In just 12 months, The Martin Institute, operating out of one small office in a modest-sized boy’s school in Memphis, arguably one of the most economically challenged mid-sized cities in America, has hosted three major educational learning events for a total of 2,000+ educators from all over the country. For some, these have been the first real professional development opportunities of their careers. For others it has meant the chance to meet with and learn from world-class educational leaders who are leading the way to a transformed K-12 learning experience that will dramatically change how we prepare our students for the world they will live in. Through the remarkable generosity of founder Brad Martin, the vision of Lee Burns, and the hard work of Jamie Baker, Laura Dearman, and the Martin teaching interns, these events have grown from mere ideas to powerhouse events in just four years.
I only got around to a fraction of the interactive learning sessions, but I was struck that I have never seen and heard more “meat”, practical toolkits for teachers to implement right now, shared in one conference. For vastly more, see the #MICON14 link on Twitter:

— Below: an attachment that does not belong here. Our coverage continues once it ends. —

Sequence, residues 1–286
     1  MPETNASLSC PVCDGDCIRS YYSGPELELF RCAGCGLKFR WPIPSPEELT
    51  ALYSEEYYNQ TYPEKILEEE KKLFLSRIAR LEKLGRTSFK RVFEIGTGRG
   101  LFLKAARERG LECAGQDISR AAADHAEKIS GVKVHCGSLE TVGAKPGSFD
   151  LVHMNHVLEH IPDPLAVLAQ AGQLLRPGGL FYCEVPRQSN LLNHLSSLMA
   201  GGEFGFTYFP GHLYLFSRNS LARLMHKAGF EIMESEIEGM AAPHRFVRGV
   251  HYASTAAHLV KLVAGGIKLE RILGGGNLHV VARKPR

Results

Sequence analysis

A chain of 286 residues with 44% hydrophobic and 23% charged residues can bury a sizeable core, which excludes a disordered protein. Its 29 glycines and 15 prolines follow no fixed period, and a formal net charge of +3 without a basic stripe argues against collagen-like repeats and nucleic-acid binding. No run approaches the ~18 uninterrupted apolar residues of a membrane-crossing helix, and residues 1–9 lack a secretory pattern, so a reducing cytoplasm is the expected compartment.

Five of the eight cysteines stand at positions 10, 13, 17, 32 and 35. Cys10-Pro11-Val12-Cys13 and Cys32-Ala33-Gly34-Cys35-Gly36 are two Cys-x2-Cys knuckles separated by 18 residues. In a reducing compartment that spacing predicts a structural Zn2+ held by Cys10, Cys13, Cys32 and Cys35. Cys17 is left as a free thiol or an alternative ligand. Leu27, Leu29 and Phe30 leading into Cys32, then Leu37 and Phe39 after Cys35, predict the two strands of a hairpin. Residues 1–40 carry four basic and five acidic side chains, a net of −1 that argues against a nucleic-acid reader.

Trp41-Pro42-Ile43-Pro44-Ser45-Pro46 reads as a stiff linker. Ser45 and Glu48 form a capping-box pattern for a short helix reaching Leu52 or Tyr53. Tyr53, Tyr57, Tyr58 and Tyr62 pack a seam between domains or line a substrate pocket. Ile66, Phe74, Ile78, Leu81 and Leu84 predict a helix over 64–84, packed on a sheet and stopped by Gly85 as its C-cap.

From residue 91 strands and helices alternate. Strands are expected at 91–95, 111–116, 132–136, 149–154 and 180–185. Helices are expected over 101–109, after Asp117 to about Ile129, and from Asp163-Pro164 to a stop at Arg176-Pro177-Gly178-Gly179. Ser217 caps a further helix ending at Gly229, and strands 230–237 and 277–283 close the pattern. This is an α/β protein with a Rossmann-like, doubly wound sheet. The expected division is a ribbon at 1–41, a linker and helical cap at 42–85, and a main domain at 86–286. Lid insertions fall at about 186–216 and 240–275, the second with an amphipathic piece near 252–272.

- Jill Gough brought her now-famous “Leading Learners to Level Up” workshop in which she shares concrete ways that teachers at all grade levels and all subjects can ensure that ALL students move up in performance.
- Holly Chesser‘s, writer’s workshop was far from the traditional focus on writing for English teachers. Her attendees imagined how writing can be embedded in, and draw from, coursework and experience across the entire curriculum.
- Glenn Whitman shared the latest research and application on education-focused neuroscience. I am pretty sure every attendee of his fast-paced workshops left utterly convinced that ignoring this knowledge base is a form of professional malpractice!
- Kim Carter shared the extraordinary work and mostly free resources developed by QED Foundation that can dramatically build capacity for student-owned and centered program development at any school.
- Irene Carney shared the keys to the success of a Reggio Emilia-influenced learning style where individual students and student groups drive experiential learning.
- Bob Dillon‘s packed rooms learned practical ways to quickly, easily, and dramatically increase the connectedness of students and teachers.
- Megan Wittman and Melissa Grabske shared a pathway and toolkit for creating digital e-portfolios of student work.
…and those were just a handful of the presenter/workshops. If you are not connected with these folks, I suggest you add them to your PLC. Go to the conference site for more connection information; if you missed the conference, follow the presenters and speakers via social media; many of them are active blogger/Twitter users who freely share their work products.